Before a house can change hands, the parties have to make sure that there are no issues, such as disputes about ownership, misunderstandings about the location of the property line and unpaid debts, that could cause a problem. A title search can reveal those sorts of issues.
The title to a property is a set of rights, not a single piece of paper. An attorney or a title search company will have to go through a variety of documents covering the entire period that the property has existed. A problem that arose decades ago and went undiscovered could potentially derail a sale.
When Is a Title Search Conducted?
A title search is usually performed after the seller accepts an offer from a buyer. If you’re concerned about possible title issues, or if you just want to avoid any unpleasant surprises later, you can conduct a title search before you list your house.
Problems That May Come to Light Via a Title Search
Fraud, impersonation, forgery, a recordkeeping error or insufficient information can raise questions about ownership. The person attempting to sell the property, or someone who sold the property in the past, may not have been the legal owner. That can create a complicated legal issue if the current owner wants to sell the house.
A title search may reveal one or more liens against the property. For example, the current or previous owner may have failed to pay property taxes or other debts. If the house changes hands, a debt collector may attempt to seek payment from the owner of the property, even if that’s not the person who incurred the debt.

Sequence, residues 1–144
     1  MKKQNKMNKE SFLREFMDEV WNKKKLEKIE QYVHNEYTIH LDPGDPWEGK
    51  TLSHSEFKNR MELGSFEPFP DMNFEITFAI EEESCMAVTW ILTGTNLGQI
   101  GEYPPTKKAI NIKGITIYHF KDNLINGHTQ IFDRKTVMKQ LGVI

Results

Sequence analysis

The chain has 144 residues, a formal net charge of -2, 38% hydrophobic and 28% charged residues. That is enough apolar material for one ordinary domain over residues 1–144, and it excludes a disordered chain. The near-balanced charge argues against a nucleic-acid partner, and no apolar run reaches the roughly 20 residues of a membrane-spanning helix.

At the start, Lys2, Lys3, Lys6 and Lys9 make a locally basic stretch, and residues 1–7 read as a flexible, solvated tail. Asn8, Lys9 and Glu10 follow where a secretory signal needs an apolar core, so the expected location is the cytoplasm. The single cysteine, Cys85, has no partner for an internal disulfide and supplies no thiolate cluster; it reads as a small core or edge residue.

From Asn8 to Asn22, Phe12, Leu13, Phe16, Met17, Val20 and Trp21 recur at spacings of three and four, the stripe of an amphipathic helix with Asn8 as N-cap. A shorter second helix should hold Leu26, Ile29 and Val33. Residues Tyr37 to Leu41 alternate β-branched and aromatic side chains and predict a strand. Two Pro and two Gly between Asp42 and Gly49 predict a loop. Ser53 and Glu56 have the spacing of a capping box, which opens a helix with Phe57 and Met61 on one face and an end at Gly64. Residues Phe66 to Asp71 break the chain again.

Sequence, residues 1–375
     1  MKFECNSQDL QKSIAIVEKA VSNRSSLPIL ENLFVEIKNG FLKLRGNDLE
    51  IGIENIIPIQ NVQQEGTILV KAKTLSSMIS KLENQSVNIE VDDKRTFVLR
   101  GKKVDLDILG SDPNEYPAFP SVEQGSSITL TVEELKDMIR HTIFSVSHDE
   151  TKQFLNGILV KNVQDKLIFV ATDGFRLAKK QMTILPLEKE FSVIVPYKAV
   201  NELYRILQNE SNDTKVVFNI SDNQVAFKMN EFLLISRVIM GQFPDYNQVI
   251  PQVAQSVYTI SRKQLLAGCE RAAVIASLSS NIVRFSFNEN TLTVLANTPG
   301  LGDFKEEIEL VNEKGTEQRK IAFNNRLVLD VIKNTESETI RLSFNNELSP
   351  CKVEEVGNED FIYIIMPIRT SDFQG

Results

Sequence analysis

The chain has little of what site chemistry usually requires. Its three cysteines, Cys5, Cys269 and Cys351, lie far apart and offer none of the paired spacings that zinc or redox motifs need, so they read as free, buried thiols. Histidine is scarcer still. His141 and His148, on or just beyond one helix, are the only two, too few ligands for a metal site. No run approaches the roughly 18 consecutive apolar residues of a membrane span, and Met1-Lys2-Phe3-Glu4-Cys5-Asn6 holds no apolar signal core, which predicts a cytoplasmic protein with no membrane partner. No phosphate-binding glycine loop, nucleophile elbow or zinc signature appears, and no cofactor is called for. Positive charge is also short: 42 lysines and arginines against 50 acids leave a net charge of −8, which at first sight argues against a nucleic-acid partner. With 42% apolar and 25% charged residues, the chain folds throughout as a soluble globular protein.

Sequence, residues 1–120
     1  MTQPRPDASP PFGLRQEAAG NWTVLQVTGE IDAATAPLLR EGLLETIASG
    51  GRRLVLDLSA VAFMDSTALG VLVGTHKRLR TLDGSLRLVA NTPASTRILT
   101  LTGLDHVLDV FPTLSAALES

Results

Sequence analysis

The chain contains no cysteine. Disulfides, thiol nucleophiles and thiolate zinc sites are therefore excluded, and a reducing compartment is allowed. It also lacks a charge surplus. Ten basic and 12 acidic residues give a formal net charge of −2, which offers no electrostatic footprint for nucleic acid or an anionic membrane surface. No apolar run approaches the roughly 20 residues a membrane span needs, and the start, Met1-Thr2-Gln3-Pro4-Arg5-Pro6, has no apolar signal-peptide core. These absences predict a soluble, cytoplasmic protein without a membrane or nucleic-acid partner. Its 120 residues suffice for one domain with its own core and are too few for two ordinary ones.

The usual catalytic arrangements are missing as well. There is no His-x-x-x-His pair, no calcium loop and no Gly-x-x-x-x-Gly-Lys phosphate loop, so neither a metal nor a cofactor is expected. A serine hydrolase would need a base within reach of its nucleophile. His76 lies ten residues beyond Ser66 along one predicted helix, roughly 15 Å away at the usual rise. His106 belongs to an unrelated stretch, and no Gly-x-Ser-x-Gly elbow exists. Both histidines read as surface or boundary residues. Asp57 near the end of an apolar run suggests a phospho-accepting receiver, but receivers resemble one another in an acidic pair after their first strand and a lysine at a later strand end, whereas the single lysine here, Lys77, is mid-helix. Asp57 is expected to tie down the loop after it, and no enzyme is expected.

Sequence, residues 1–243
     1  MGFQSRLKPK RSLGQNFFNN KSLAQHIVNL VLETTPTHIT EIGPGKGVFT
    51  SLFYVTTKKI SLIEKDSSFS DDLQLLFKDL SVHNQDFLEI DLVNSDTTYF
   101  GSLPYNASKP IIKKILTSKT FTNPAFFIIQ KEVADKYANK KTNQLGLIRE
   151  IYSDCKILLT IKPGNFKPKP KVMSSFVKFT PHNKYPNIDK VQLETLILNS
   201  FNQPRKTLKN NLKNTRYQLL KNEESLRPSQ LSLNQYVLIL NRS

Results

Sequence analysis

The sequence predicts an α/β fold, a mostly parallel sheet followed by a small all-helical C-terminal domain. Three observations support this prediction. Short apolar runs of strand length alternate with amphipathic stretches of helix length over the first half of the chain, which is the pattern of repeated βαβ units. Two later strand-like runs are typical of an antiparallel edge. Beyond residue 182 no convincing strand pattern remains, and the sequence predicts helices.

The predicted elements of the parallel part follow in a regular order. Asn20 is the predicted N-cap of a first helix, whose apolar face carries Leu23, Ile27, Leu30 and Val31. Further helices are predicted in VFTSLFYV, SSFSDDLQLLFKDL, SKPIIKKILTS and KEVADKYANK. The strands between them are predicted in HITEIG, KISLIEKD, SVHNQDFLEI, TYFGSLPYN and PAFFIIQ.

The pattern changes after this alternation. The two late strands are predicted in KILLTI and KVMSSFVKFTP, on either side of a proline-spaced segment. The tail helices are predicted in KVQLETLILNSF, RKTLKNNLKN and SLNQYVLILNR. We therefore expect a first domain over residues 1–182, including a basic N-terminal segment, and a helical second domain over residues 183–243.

Restrictions or covenants may prohibit certain uses of the property. A previous owner may have granted an easement that allows a neighbor, a company or a government agency to use a part of the land for a specific purpose.
The deed may contain an error related to the location of the property line that may cause a prospective buyer to walk away. A homeowner may have accidentally built over the boundary, infringing on another party’s property.
How to Handle Title Issues
If a title search uncovers a lien for back taxes or money owed to another party, you will have to pay it off before you can sell the house. If there is a recordkeeping error, you may be able to clear it up by providing additional documentation. If you or a neighbor built a structure on the wrong side of the property line, that structure may have to be moved or torn down before you can sell your house. Although you may be able to resolve many title issues yourself. For complex matters, however, you may have to hire a real estate attorney.